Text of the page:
Quentin Tarantino has been making films for over three decades and in that time he has created one of the most recognizable cinematic styles in the industry.

But how? He uses pretty much the same shots that every other filmmaker uses: the POV shot, tracking shot, and extreme close-up. How does he manage to infuse his unique filmmaking flavor into his compositions?

To explore this, let's first take a look at this video by Kellan Reck, in which he goes over 7 shots that Tarantino uses on the regular. 

Here are the shots Reck mentions in the video:

  • The POV shot
  • The God's Eye Shot
  • The Quick Zoom
  • The Tracking Shot
  • The Extreme Close-Up
  • The Slow Push-In
  • Foot Shots


For the most part, these shots are pretty standard and can be found in any filmmaker's bag o' tricks. So, if it's not the actual shot types that define Tarantino's iconic cinematic style, what is it?

It's most definitely a combination of things, from his narrative content to his bold use of color, but perhaps the element that ties it all together is the fact that he uses the most extreme and striking shots during the most pivotal scenes and moments in his films.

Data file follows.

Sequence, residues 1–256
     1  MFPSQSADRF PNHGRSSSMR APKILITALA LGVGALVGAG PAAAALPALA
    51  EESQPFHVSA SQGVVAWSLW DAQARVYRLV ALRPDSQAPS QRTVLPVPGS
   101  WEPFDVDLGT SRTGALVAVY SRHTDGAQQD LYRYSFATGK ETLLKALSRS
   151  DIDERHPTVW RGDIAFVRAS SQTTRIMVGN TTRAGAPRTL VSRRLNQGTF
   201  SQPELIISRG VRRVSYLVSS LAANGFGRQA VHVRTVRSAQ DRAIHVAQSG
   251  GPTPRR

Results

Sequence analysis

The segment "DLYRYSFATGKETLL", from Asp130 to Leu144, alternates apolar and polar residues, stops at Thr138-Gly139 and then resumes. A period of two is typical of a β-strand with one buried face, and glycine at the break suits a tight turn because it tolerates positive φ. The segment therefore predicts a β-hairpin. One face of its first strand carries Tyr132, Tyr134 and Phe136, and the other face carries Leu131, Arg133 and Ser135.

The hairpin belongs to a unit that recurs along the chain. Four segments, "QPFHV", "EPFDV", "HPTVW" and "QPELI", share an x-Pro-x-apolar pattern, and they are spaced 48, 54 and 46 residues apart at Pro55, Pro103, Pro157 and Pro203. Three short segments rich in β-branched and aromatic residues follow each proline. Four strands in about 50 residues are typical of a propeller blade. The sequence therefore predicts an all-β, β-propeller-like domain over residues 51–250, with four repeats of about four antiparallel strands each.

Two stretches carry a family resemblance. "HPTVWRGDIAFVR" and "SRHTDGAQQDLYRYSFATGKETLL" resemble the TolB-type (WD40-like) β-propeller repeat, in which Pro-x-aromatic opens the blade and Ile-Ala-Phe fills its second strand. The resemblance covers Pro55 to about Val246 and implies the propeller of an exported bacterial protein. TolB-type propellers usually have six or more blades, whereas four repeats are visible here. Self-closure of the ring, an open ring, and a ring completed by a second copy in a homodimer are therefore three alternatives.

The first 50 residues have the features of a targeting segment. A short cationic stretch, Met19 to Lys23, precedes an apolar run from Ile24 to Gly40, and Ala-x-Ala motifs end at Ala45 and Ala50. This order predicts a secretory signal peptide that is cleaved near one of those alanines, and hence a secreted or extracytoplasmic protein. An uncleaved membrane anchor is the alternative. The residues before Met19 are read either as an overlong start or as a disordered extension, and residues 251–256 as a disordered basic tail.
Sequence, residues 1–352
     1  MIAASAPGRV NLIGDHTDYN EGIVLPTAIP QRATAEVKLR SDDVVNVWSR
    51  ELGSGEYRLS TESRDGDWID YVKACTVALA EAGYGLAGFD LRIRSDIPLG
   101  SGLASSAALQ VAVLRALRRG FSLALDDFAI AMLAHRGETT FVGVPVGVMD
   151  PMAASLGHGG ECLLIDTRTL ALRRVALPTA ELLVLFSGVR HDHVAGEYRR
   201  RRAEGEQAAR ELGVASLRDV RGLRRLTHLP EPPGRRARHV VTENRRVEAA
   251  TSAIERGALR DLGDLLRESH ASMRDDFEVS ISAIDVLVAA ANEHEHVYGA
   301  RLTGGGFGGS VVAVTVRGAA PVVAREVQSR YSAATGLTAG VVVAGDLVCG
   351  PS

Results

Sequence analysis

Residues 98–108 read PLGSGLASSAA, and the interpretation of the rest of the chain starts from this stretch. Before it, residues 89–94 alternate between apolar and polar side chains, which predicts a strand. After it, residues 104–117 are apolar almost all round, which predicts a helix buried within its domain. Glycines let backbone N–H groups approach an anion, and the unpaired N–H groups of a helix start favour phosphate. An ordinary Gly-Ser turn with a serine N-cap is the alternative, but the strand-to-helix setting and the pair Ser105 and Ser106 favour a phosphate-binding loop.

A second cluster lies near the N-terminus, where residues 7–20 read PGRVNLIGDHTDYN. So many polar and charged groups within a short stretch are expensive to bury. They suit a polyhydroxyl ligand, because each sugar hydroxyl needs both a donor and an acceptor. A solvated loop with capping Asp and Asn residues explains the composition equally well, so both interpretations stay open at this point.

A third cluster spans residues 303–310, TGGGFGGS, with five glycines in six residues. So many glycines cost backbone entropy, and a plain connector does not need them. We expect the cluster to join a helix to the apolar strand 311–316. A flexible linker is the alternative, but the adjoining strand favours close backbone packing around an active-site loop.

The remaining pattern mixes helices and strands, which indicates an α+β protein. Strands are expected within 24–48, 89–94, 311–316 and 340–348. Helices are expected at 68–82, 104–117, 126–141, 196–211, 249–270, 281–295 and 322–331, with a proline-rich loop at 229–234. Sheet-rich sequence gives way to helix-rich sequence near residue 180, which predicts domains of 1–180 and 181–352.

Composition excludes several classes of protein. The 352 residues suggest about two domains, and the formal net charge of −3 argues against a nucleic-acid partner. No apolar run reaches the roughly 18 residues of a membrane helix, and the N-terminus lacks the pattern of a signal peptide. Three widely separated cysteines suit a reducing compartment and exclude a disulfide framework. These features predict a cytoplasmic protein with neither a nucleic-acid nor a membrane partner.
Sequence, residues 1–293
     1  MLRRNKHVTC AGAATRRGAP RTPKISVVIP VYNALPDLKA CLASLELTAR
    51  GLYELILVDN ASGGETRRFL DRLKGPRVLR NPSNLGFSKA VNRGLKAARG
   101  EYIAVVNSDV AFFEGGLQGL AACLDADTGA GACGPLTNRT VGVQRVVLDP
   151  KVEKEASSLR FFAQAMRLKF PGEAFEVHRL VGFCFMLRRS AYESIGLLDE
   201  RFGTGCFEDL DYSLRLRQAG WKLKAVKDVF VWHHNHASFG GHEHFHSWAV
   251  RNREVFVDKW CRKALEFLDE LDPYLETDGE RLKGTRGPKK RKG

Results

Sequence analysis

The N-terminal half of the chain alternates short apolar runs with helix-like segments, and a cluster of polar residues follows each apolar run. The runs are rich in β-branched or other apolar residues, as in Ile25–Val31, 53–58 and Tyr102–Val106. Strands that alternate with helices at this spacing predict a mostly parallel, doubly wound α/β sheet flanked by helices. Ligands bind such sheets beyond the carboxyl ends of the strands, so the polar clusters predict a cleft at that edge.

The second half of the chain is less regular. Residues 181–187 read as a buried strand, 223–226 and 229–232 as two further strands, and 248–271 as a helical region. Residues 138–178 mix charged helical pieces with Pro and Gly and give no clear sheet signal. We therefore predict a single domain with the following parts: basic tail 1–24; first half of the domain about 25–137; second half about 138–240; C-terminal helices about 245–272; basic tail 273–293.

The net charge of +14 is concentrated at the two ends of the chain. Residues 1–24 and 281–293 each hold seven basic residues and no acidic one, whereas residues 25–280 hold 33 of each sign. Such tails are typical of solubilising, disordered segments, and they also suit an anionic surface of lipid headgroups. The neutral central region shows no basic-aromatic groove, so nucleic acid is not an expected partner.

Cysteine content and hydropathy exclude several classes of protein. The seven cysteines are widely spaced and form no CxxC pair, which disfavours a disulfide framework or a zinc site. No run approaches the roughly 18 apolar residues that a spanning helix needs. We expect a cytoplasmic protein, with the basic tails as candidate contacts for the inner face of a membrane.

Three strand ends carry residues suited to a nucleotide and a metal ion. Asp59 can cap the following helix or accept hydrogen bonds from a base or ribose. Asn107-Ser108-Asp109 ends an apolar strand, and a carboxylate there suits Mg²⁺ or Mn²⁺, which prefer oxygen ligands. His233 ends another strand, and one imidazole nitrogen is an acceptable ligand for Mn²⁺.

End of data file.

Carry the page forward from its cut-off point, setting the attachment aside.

Introducing a character? Do a quick zoom. Your hero wrestles with whether or not he should go save that dude in the back room? Do a slow push-in. Got a foot fetish and want to accentuate all the pretty pinky toes? Foot shots!


Tarantino has such an intriguing way of stylizing an image by 1.) embracing the 60s and 70s cinematographic aesthetic...all those zooms and slow push-ins, and 2.) forcing the audience to view his world from unfamiliar perspectives, like overheads (God's Eye), extreme close-ups, and his trademark POV shots. 

He compels you to look. He compels you to pay attention to not only the story but the way the story is told visually because he packs so much information and context into composition and camera movement.

And it makes sense...if you're going to have cool ass characters that are unique and unforgettable, then you need to have cool ass shots that are also unique and unforgettable.

Source: Kellan Reck